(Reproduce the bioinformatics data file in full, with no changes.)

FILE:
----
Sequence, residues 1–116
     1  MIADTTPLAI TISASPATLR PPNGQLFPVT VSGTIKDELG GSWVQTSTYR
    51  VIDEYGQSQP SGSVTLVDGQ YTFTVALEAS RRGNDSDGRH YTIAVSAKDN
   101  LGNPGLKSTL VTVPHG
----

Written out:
Sequence, residues 1–116
     1  MIADTTPLAI TISASPATLR PPNGQLFPVT VSGTIKDELG GSWVQTSTYR
    51  VIDEYGQSQP SGSVTLVDGQ YTFTVALEAS RRGNDSDGRH YTIAVSAKDN
   101  LGNPGLKSTL VTVPHG